If what I spent days working on in an MMO was suddenly gone through no fault of my own, I'd leave. I don't mind developers changing "their world", but do not trust in giving that power to players. "Because I can!" is too common of a mantra for far too many people for my tastes.

    It all comes down to expectations, I guess. I expect what I accomplished the last time playing an MMO to be there when I come back. I don't want to dance to thousands of other players actions each time I log in. I understand that some players enjoy, even thrive on this, though.

    It does have its down side, for sure. An alt comes to the same farmer another character helped ages ago. That alt is given the exact same quest and you can't help but say, "Wolf problem again? Or is it still?" For me, I'd rather deal with "boring old repetitiveness" than "OMG! What the hell happened here!"

    This old dog is learning new things here, though :)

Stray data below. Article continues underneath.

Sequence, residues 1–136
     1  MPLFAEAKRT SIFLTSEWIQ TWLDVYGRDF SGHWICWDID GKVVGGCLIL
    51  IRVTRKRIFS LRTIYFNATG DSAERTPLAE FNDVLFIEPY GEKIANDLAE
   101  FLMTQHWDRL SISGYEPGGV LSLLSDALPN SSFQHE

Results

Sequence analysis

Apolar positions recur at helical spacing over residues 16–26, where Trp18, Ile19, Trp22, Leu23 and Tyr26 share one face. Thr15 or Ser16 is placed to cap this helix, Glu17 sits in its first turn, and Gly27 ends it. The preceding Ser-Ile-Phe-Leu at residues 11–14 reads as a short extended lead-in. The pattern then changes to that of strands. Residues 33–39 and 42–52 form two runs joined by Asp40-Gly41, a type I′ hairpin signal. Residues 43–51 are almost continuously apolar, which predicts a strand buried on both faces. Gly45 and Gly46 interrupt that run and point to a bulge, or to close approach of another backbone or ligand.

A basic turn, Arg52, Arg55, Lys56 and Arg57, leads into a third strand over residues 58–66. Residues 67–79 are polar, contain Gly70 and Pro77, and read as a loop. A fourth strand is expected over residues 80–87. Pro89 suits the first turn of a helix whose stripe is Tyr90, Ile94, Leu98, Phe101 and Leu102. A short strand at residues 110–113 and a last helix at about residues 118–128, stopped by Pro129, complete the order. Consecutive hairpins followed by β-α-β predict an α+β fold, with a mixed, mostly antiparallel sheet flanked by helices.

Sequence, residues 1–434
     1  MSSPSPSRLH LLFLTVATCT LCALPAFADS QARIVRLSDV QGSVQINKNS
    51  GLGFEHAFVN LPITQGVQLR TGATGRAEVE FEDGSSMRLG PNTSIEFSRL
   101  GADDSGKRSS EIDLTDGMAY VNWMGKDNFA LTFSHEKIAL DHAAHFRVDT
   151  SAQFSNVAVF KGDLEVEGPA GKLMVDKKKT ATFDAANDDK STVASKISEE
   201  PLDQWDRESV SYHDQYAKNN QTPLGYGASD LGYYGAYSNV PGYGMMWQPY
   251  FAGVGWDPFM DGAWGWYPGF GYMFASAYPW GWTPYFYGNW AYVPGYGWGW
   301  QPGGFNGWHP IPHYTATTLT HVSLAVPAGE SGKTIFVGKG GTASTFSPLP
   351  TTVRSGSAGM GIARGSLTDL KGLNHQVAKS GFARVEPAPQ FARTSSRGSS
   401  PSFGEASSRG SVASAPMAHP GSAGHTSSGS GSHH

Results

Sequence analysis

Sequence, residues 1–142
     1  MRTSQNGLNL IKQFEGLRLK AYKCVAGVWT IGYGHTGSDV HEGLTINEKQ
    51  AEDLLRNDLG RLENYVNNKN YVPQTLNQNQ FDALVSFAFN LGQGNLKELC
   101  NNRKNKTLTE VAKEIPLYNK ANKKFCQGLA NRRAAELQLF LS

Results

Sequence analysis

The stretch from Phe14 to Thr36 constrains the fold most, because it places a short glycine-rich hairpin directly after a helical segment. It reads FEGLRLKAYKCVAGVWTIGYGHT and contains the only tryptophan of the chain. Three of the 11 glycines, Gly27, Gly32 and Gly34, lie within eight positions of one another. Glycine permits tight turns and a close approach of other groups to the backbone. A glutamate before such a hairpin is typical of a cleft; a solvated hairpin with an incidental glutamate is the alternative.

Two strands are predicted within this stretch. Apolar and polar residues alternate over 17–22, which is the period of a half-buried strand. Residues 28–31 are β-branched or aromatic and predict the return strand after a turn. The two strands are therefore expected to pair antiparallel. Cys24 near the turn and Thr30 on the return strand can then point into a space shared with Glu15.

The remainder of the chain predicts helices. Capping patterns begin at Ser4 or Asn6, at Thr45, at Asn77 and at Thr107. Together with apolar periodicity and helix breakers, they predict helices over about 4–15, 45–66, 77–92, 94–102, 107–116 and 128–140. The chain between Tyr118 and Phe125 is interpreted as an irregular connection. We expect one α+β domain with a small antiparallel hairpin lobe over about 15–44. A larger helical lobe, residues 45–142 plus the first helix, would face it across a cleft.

The Pre-WoTLK zombie event was AMAZING to me people wined and wined and it was cut short.
    AlBQuirky
  • Ancient_ExileAncient_Exile Member RarePosts: 1,303

    I apologize for being a bit of jerk and not really giving a detailed answer in my first post of this thread.


    AlBQuirky
    "If everything was easy, nothing would be hard."


    "Show me on the doll where PVP touched you."


    (Note:  If I type something in a thread that does not exactly pertain to the stated subject of the thread in every, way, shape, and form, please feel free to send me a response in a Private Message.)

  • Ancient_ExileAncient_Exile Member RarePosts: 1,303
    edited May 9